The Vermont Historical Society (VHS) is proud to announce the publication of The Law of the Hills: A Judicial History of Vermont by Paul Gillies. Join VHS for the official book launch on February 26 from 4:30-6:00 pm at the Vermont Supreme Court at 111 State St in Montpelier. The book launch will include refreshments, books signings, and a talk by the author in the Supreme Court Chamber. Free & open to everyone.

The Law of the Hills is the first general history of the judicial branch in Vermont, chronicling its birth and development from the earliest settlement to the present. Covering dramatic events of the court’s past—including times when a constitutional uncertainty caused the entire court to resign, as well as armed capture of the court by angry “regulators”-- to the more structured court of today. In addition, biographical sketches of the 134 men and women who have served on the Vermont Supreme Court bring to life the personalities and judicial character that have shaped Vermont’s laws.

The history of the courts is, as Gillies writes, “the history of Vermont in microcosm—making do with what you have, then gradually slipping into the mainstream of culture and thought that comes from other places, while steadfastly holding onto fundamental principles where you can.”

The Law of the Hills includes chapters on the judiciary, the courthouses, the New York courts before Vermont declared its independence, leading events and cases from the 241 years Vermont has existed, and a biographical appendix with sketches and portraits of those who served on the highest court.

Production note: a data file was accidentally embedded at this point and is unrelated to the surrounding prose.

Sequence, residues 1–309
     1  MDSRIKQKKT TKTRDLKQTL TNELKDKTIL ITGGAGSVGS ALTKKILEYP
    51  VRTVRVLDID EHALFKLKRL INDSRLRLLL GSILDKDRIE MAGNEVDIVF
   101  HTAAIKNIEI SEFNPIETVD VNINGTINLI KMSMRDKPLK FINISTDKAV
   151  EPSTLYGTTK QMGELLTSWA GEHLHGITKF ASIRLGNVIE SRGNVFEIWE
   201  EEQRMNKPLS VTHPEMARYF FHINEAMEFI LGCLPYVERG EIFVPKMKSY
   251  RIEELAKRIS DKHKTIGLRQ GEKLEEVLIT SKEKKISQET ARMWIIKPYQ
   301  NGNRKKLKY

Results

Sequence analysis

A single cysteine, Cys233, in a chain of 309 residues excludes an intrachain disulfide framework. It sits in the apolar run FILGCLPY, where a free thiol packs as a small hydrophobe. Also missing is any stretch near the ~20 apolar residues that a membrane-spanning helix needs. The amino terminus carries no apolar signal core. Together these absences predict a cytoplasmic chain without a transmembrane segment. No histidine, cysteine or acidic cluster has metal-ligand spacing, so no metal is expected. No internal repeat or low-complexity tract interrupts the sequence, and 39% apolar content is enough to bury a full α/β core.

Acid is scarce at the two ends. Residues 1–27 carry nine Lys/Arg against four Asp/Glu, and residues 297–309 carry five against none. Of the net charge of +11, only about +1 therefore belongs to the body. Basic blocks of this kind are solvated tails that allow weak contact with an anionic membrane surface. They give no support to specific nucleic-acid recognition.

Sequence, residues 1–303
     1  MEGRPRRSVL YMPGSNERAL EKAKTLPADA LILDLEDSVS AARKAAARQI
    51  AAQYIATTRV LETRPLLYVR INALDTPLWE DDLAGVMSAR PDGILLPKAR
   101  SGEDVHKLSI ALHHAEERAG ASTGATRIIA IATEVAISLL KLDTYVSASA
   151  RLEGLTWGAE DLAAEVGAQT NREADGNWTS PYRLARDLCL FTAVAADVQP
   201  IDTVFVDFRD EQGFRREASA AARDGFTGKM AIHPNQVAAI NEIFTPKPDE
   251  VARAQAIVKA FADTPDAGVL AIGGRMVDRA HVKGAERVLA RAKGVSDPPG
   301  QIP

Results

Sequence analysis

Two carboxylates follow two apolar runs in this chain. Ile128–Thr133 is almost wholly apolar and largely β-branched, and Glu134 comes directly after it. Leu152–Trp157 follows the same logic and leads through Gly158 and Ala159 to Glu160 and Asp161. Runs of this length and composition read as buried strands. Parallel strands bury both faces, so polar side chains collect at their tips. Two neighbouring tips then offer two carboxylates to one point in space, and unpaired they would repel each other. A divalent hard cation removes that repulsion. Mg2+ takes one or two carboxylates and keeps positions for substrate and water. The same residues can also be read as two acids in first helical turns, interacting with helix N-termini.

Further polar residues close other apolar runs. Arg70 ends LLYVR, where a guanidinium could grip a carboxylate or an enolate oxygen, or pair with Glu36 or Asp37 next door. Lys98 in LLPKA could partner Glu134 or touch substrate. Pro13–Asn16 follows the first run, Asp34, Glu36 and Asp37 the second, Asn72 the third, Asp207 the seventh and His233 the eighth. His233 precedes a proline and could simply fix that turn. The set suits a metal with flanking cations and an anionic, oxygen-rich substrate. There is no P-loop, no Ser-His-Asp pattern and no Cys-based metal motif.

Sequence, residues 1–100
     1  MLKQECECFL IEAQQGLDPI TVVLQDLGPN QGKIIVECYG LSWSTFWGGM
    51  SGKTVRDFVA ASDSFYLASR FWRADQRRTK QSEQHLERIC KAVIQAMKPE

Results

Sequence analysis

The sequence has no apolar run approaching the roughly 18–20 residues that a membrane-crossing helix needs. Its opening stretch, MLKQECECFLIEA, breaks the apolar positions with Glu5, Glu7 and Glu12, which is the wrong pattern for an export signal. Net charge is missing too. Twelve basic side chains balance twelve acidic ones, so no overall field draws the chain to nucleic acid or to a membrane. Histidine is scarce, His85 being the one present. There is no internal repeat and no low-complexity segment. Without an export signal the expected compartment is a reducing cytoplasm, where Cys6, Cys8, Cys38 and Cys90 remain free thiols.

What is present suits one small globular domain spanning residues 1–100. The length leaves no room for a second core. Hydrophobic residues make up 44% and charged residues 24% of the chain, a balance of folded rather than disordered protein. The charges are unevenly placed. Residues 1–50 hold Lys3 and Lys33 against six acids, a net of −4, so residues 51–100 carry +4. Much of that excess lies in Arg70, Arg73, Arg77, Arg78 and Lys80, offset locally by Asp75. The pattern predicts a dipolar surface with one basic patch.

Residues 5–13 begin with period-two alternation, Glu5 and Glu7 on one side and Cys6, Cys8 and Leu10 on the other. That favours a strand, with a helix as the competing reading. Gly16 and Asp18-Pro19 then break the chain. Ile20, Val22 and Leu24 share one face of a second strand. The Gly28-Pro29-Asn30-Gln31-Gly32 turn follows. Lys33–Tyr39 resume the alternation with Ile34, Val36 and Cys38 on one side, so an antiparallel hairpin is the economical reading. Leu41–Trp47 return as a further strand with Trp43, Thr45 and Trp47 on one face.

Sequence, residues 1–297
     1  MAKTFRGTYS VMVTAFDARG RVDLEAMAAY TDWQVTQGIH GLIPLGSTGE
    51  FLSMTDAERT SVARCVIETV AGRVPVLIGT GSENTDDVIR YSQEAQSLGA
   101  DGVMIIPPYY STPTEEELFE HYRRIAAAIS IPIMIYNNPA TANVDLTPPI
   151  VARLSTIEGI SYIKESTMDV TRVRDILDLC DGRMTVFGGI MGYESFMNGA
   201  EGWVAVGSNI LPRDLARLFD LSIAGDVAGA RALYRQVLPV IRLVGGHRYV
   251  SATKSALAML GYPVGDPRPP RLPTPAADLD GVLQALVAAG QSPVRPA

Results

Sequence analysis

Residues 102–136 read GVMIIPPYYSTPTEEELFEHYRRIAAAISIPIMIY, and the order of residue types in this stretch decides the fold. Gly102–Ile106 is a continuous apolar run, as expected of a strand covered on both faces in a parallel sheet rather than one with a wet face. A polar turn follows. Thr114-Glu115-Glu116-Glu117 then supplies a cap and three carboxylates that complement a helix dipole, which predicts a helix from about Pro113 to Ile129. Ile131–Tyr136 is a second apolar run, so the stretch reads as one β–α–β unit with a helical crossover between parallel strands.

Gillies writes, “At the podium in Woodstock is a small plaque, quoting attorney Peter Plante, on which is inscribed, ‘Practicing law is like learning how to ride a bike. Sometimes you have to pick yourself off the ground.’ This then is a view from the ground, not the high bench. From the lower elevation, the law is sometimes a great clanking machine that rolls out judgment after judgment, and then calls the next case. But there are moments of intellectual challenge second to none, of tragedy and comedy, passion and greed, all the varieties of human interaction. In courtrooms, the history of Vermont law is reenacted every day. It is a privilege to witness.”

Gillies is the author of Uncommon Law, Ancient Roads, and Other Ruminations on Vermont Legal History, published by the VHS in 2013. A former Deputy Secretary of State and a practicing trial attorney, Gillies has been working on the court history for more than 20 years.

For more information, please contact Amanda Gustin
(802) 479-4264
This email address is being protected from spambots. You need JavaScript enabled to view it.

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